In the beginning, he said it’s important to make money for the studios “and not go to Hell” in the process. It’s important to have a purpose, to trust and to give back, he said. J.J. kept thanking God and saying he celebrated his role in the industry.

He also spent some time talking about his three children: 14, 13 and 7. He said he was concerned about new technology and limits their video game time to the weekends. He also tells them to turn off their cellphones and spends time with them. He said some of his friends complain that their 17-year-olds are getting into trouble. J.J. said parenting starts when children are young, not at 17. He had wonderful, heartwarming statements about his wife, Katy McGrath.

J.J.’s heart can be shown in the first script he wrote, REGARDING HENRY, which Movieguide® loved, and his consistent concern for values in his movies. 

He said one of the great turning points is when he went to Kuwait to show a movie to the troops. He became a very strong supporter of the veterans. He has a close friend, an officer, and a veteran, who has a ministry called the Mission Continues for veterans, to help them find purpose after they leave the service. If you wait until the end of STAR TREK, he dedicated it to the 9/11 vets.

Jerry Bruckheimer was another super producer who talked about faith and values. He’s been producing for 40 years, from TOP GUN to THE LONE RANGER, some of the biggest movie franchises and TV series of all time. He grew up in a lower middle class German family in Detroit. He says he tries to put into every one of his movies heart, as well as themes of not giving up and striving for excellence. He says he makes movies he wants to see.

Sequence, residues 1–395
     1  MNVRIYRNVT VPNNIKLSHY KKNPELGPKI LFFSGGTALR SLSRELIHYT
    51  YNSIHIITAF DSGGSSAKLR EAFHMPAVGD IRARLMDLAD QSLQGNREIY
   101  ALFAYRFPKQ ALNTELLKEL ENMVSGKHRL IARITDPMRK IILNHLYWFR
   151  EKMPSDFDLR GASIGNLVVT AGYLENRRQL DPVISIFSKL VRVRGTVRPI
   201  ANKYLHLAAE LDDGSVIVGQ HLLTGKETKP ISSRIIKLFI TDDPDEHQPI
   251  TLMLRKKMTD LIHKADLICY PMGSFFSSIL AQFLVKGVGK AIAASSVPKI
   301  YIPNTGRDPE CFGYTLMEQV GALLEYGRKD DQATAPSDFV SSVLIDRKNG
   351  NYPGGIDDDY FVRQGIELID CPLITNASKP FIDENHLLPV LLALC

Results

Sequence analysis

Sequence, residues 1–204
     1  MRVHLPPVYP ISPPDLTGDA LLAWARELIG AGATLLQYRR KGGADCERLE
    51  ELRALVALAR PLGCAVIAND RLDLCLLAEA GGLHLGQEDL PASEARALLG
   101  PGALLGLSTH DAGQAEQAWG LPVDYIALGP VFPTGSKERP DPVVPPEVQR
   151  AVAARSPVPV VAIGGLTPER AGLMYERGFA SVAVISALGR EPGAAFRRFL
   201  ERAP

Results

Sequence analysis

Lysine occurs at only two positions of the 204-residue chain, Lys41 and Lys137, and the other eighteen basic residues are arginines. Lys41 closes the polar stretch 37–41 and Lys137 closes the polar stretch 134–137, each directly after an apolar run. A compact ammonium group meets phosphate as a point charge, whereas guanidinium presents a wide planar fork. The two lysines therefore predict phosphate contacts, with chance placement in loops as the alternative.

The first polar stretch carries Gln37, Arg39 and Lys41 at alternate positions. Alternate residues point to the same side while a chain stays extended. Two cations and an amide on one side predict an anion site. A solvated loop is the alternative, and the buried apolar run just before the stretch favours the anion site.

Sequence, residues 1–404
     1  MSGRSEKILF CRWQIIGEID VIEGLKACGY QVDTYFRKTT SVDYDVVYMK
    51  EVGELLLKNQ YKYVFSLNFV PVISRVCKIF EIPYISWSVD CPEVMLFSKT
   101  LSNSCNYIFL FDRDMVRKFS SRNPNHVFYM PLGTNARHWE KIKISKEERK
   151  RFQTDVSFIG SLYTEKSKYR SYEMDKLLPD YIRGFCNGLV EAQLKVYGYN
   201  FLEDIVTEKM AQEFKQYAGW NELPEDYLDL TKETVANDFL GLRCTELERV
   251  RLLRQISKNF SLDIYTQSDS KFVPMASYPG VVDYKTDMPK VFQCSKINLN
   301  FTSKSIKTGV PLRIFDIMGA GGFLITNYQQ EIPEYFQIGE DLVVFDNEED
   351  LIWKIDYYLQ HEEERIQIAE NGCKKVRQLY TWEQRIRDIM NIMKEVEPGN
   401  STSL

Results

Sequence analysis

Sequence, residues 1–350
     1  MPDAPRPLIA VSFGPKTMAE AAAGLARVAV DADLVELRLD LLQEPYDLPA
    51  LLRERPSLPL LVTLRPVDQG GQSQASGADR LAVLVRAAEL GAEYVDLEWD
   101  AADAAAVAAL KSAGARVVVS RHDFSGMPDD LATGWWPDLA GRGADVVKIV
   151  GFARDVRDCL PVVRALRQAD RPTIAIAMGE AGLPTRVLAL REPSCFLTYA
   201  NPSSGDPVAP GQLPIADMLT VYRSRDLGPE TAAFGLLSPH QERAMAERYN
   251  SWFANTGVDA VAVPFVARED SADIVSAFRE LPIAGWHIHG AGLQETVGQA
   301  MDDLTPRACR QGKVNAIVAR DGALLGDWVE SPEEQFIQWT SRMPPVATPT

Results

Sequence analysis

“I make movies for the big audience,” Bruckheimer added, echoing the words of the great Hollywood entertainer Cecil B. DeMille. “I don’t care what the critics say.”

He said you have to go with your gut when making movies. One studio hired the head of a major company who tested everything and the movies failed. 

He commended our friend Dick Cook for greenlighting the PIRATES OF THE CARIBBEAN movies. He talked about how Johnny Depp made PIRATES because he just had a child at that time. Everywhere Johnny goes, he takes an extra suitcase with a Jack Sparrow costume so he can show up at hospitals to entertain the kids.

He said, “Make what you want to go see and populate your production team with talented people…and hope for the best.”

He says he loves doing things the old fashioned way, so on LONE RANGER, he got his actors on the train, not on blue screen. When he was asked about the new upcoming Superman movie, he said, “I root for our competition to be successful, because good movies increase the appetite for more movies.”